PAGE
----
First at the beginning of November, there is the close juxtaposition of Reformation and All Saints. For most Double of the First Class (newer term: First Class) festivals, we celebrate on the day of the feast and avoid transferring to a Sunday. However, All Saints is one where I have acquiesced to the Sunday transference. Much of this decision is based on very parochial issues: we host a big dinner on the last Sunday in October and the whole parish is pretty tired after that. A weekday evening Mass for All Saints would simply not be well attended. So, like many others, this Sunday will be All Saints for us.
Then, toward the middle or end of the month, you will have to decide how to do the end of the Church Year. Father Eckardt, a true Anglophile at heart, advises the Michaelmas skip in the Gottesdienst calendar. I've never really liked this - but I can never stay for the Tuesday of Oktoberfest to argue against it!
In the parishes I serve, we follow the custom of using Trinity XXV-XXVII every year as the Third Last, Second Last, and Last Sundays of the Church Year. I prefer this custom as it restores the Advent theme of the second coming to a full six weeks - an old northern European custom often called Saint Martin's Lent. This year, due to the lateness of our All Saint's celebration, we will actually only have a Second Last and Last Sunday.
Others, like my neighbor Fr. Weedon, will be observing the LSB 1-year lectionary to the letter of the law: Trinity XXVII is the Last Sunday of the Church Year, but there is no Third nor Second Last.
The confirmation class at St. Paul's - Kewanee decorates the altar for Thanksgiving.
Thanksgiving presents a conundrum for those who observe a Mass that day: the appointed readings in LSB call for Luke 17:11-19 as the Gospel. However, you have just preached on that text in the summer (even the Separated Brethren of the Three Year Lectionary did so this summer). Now, every text has more to mine - but all the same, it would be nice to preach on a new Gospel. Furthermore, this selection by the lectionary committee (which goes back at least to TLH) for a day of thanksgiving has always struck me as a little odd: the Gospel is about faith, belief in the Son of God in the flesh, not about thanksgiving. Indeed, the man comes back to "give praise to God" not thanks. I'm sure the other nine were thankful, they just didn't believe...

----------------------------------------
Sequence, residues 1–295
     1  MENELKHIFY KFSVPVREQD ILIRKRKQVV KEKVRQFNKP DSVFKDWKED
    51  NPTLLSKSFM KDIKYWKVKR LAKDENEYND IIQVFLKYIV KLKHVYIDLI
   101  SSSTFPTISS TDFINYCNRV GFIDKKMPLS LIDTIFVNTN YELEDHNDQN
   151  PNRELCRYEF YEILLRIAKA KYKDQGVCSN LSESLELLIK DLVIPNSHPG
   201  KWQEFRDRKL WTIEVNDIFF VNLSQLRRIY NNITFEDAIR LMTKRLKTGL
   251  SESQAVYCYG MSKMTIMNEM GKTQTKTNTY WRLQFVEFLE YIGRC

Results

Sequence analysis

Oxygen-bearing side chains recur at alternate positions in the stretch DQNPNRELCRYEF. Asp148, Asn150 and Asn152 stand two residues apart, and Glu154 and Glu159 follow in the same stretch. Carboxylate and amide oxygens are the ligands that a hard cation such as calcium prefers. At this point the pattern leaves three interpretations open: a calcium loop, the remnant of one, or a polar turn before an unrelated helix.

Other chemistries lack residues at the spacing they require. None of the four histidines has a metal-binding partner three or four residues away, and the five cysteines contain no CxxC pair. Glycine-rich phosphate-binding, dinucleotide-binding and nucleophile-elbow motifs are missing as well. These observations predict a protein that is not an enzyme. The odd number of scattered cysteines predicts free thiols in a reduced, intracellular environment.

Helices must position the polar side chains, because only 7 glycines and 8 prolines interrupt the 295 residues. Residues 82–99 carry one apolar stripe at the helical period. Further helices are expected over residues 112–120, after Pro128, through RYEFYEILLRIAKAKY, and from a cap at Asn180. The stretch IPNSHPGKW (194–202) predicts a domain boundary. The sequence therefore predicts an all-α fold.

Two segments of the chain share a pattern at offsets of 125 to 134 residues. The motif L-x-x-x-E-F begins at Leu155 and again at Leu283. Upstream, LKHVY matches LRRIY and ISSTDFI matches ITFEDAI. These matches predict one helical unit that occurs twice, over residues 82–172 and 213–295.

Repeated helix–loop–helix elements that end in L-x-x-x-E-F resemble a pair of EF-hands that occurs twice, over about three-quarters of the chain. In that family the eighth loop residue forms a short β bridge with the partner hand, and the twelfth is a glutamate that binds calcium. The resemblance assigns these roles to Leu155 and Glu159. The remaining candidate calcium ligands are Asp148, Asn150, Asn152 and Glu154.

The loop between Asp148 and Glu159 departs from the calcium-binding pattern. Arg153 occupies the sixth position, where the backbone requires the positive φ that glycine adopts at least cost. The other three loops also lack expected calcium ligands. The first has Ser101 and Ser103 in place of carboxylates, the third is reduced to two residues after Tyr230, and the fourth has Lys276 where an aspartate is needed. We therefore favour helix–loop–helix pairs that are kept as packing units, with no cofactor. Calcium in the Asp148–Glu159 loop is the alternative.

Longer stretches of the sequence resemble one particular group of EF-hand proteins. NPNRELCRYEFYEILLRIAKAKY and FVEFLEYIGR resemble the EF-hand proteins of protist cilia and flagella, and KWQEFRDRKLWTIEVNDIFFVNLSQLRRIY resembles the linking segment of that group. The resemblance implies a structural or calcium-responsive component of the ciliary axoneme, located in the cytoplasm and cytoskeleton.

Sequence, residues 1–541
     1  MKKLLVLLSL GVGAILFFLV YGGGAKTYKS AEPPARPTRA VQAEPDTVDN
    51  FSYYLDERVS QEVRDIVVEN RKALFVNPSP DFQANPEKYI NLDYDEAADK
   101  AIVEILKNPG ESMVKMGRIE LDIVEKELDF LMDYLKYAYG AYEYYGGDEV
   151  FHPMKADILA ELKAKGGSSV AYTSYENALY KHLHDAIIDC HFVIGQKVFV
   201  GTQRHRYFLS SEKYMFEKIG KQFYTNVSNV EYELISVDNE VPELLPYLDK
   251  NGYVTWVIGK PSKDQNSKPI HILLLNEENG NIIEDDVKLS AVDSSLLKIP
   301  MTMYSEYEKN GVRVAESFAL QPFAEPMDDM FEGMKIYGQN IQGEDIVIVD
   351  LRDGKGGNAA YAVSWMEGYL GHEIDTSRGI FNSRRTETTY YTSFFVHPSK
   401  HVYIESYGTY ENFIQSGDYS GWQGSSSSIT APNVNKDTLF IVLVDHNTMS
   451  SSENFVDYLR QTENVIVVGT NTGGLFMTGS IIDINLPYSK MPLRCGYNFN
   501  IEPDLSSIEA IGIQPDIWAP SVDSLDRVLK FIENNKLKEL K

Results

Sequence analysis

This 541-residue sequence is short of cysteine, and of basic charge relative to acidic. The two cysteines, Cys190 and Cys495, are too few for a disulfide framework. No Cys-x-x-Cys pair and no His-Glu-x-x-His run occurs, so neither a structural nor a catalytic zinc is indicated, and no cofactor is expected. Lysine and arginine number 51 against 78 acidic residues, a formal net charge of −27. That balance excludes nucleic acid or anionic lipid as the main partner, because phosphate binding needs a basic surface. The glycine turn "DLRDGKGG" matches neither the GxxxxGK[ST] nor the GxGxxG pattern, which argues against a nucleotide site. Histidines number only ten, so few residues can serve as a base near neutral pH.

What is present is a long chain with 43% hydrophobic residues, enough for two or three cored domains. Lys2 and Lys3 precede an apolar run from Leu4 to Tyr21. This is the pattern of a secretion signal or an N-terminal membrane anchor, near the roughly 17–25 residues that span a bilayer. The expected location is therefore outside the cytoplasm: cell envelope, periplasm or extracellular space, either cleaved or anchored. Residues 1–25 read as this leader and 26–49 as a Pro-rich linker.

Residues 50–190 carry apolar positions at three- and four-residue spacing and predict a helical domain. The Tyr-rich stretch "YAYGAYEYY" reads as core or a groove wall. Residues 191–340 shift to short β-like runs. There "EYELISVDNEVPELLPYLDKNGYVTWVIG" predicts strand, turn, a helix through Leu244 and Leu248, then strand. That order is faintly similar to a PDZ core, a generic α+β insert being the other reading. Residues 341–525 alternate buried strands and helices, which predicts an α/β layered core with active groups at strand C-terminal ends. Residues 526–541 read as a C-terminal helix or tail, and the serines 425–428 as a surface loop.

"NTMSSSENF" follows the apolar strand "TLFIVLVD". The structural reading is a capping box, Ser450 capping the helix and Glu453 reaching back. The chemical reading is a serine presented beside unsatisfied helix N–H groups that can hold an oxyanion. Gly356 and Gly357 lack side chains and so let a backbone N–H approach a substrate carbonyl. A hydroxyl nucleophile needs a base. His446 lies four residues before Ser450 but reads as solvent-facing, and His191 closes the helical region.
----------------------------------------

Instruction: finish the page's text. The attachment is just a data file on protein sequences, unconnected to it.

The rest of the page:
At any rate, why not use the propers for a Harvest Festival? This is much more expressive of the day, I think, and will afford the pastor a new text to preach on.
Finally, there is perennial confusion among Lutherans about what do with the Sunday after Christmas when it falls on the 26th, 27th, and 28th: does one observe the First Sunday after Christmas or the saint day (St. Stephen, St. John, Holy Innocents)?
The precedence of one feast over another is one of those things that each jurisdiction does its own way. Several times throughout history the primate of a given jurisdiction has had to come in and clean up the calendar - there having been so many privileged observances that hardly any Sunday in Trinitytide ever got celebrated, for example.
LSB suggests which feasts should take precedence over Sunday observances on p. xi by giving in bold "principal feasts of Christ [that] are normally observed when they occur on a Sunday." The other feasts "may be observed according to local custom and preference."
Given the first rubric, it would appear that LSB means to cut back privileged feasts to only the feasts of Christ - no mere saint's day will take precedence over a Sunday. That is very restrictive when compared to historic calendars, but at least it offers a clear definition of precedence. However, that definition is violated as the Nativity of John the Baptist, St. Michael and All Angels, and All Saints are privileged as "principal feasts of Christ." This is just odd - or, rather, arbitrary. If the Nativity of John is a "feast of Christ" then why isn't St. Mary's day or the Conversion of St. Paul?
I would recommend observing the feasts included in LSB based on the class each feast has traditionally had in the Western Church. This is what we did for Daily Divine Service Book - which I hope will be out in time for Christmas...or Epiphany, maybe.
All that was just an introduction to say this: the First Sunday after Christmas is a Double of the Second Class while St. Stephen, St. John, and Holy Innocents are all Doubles of the First Class. Therefore, this year St. Stephen's day is appropriately celebrated on Sunday, December 26th.